Regardless of how we got to this point, the VALUE to the user of a personal computer is immense. One billion are in use. They deliver email, Skype video (how I saw my baby roll over for the first time), Excel, Flickr, BBC.com, e-business, Pandora, Facebook, PayPal, Craigslist, Wikipedia, Kiva.org. Your new one does a lot more than your old one. If you take my hard drive and backups, I’ll pay $20,000 to get them back. The fact that the benefit delivered is rising rapidly, while the prices are falling rapidly, is proof that PC prices are not aligned with value. This is an opportunity.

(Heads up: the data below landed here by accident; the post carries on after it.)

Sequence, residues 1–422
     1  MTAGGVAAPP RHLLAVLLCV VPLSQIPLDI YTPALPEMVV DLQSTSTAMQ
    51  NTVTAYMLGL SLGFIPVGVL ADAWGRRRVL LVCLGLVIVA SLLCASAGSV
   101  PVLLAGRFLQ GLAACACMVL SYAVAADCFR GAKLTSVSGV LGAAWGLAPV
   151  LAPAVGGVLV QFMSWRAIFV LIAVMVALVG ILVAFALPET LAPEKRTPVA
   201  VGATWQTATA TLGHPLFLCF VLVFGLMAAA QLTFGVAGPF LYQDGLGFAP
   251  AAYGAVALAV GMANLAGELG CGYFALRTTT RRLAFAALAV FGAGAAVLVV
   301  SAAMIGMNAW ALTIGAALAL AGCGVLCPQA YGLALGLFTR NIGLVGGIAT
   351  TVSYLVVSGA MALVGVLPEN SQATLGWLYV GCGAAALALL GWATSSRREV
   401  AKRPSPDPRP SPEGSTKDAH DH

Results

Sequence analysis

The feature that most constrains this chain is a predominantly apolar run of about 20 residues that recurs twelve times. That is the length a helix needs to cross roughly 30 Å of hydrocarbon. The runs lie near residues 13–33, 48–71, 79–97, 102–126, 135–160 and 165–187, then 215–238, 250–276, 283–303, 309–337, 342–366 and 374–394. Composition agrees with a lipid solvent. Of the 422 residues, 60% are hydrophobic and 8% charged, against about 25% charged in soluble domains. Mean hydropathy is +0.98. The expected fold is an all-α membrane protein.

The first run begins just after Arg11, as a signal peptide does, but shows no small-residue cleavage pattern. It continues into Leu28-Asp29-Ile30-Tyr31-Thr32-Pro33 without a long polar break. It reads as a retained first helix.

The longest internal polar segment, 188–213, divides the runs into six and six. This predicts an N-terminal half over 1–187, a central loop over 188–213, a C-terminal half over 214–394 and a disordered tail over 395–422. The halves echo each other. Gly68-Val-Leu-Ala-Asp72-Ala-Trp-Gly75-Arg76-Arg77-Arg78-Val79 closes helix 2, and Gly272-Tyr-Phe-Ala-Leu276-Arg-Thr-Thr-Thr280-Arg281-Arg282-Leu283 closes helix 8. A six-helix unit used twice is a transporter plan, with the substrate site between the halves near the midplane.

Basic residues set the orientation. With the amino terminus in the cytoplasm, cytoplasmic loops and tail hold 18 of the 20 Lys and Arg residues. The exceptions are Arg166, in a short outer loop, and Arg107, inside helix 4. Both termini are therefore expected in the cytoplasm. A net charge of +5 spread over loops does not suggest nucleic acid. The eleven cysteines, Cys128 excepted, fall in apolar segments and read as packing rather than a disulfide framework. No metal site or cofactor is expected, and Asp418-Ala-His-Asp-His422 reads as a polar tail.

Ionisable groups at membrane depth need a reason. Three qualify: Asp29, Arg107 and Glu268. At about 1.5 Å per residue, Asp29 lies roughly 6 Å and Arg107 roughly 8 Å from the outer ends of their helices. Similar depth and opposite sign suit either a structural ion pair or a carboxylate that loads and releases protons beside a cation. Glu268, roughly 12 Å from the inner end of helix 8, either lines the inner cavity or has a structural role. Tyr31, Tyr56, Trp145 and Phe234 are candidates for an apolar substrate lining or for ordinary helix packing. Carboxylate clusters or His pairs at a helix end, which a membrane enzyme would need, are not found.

The PC is not inherently a commodity, in spite of the fact that most have the same Intel chips and Microsoft OS. This is the essential barrier for a PC maker that wants to rebuild margin: cheap, readily available substitutes with no perceived difference (this is probably a better definition of a commoditized market than I offered above). I don’t care which salt I buy; they are all salty. But I buy Morton without comparing prices. This is brand value. Could a PC brand not achieve the same thing?
Coming soon: how PC companies, and other purveyors of "commodities" can fix their margins.